4. Specialized Post-Tensioning Jacks: In some cases, specialized jacks are designed for specific post-tensioning applications, such as those requiring unique shapes or configurations to accommodate the project’s needs.
Couplers are optional devices used at junctions or splice points in the post-tensioning system. They provide a secure and efficient means of connecting two tendons, ensuring the continuity of the prestressing force throughout the structure. While not always necessary, couplers can be beneficial in specific design scenarios.There are several types of coupler devices used for post-tensioning in construction:
1. Grout Filled Couplers: These are the most common type of couplers. They consist of a cylindrical steel sleeve that joins two post-tensioning tendons together. Grout is pumped into the sleeve to bond the tendons and transfer the tension forces.
2. Wedge Couplers: These couplers use a wedge mechanism to grip and hold the tendons together. As the wedge is tightened, it creates a strong connection between the tendons.
3. Threaded Couplers: Threaded couplers have threads on the inside of a steel sleeve, allowing the tendons to be screwed into place. This provides a secure connection and is often used for repair work.
4. Compression Couplers: Compression couplers use compression forces to connect tendons. They work by compressing the tendons against a conical or tapered surface within the coupler.
5. Shear Plate Couplers: These couplers have a plate that applies shear forces to the tendons. They are designed for use in applications where a high load capacity is required.
6. Anchor Plate Couplers: Anchor plate couplers incorporate an anchor plate and a series of wedges to secure the tendons. This type of coupler is particularly useful when dealing with larger tendons.
7. Bonded Couplers: In bonded couplers, the tendons are bonded together using epoxy resin or another adhesive material. This type of coupler is used when a high level of corrosion protection is required.
Grouting equipments though optional, plays a crucial role in post-tensioning systems. Grout is a specialized cementitious material injected into the ducts housing the tendons. It serves multiple purposes, including filling voids, protecting the tendons from corrosion, and improving load transfer. Proper grouting is essential for the long-term performance and durability of post-tensioned structures.. Here are some common grouting devices used in post-tensioning:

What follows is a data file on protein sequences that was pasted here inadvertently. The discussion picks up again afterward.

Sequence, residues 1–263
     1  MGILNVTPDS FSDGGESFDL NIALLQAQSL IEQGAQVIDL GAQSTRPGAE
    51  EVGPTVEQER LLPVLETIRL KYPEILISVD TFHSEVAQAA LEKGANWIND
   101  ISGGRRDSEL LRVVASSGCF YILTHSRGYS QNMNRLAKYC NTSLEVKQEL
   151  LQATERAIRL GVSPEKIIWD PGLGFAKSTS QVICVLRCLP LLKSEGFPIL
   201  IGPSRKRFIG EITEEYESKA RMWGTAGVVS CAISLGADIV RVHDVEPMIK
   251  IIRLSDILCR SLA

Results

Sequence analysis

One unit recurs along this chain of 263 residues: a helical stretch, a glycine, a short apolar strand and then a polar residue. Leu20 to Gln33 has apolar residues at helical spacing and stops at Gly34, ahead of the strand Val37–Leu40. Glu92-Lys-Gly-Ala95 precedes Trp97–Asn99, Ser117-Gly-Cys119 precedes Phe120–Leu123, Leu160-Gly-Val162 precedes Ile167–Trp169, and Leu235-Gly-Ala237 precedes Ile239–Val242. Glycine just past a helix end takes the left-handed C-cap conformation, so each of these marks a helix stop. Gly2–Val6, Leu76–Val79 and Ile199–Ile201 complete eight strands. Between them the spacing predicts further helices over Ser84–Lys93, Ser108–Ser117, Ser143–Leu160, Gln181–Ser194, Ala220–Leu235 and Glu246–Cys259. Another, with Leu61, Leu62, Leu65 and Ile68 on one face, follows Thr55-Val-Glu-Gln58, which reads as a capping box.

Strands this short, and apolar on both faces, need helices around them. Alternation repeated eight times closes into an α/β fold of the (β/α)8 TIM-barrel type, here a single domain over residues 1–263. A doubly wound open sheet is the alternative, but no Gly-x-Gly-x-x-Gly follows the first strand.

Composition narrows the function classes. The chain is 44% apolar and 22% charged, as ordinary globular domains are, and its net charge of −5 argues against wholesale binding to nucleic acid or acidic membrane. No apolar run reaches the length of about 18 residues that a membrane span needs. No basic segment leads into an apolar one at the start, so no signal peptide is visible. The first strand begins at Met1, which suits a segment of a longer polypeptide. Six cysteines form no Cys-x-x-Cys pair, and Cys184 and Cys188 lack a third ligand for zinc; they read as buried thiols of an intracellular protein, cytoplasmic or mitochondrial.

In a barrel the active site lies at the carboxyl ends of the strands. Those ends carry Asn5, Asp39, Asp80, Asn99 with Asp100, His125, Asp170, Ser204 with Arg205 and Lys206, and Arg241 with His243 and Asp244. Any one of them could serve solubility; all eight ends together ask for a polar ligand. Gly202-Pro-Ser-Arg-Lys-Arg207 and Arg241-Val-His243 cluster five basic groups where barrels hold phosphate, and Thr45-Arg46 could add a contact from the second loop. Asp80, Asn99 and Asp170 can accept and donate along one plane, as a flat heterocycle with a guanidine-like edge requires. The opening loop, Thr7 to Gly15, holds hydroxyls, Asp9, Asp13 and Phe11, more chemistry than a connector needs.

1. Grout Pump: A grout pump is a machine used to mix and pump grout into the tendon ducts. It typically consists of a hopper for mixing the grout, a pump to pressurize it, and hoses to deliver the grout to the injection points.
2. Injection Nozzles: Injection nozzles are placed at the ends of tendon ducts and serve as entry points for the grout. They are designed to create a seal around the duct to prevent grout from leaking out and ensure it flows into the duct properly.
3. Pressure Gauges: Pressure gauges are used to monitor the pressure applied during grout injection. Maintaining the correct pressure is essential for ensuring that the grout fully fills the duct and bonds with the tendon.
4. Mixing Equipment: Properly mixed grout is essential for its effectiveness. Mixing equipment includes mixers and agitators to prepare a consistent grout mixture.
5. Grout Hose: Grout hoses are used to transport the grout from the pump to the injection points. They are designed to handle the high pressure of the grout and are typically made of durable materials.
In this article we have analysed different components, equipments and devices using the post tensioning method. In an upcoming article we will focus on the pretensioning method.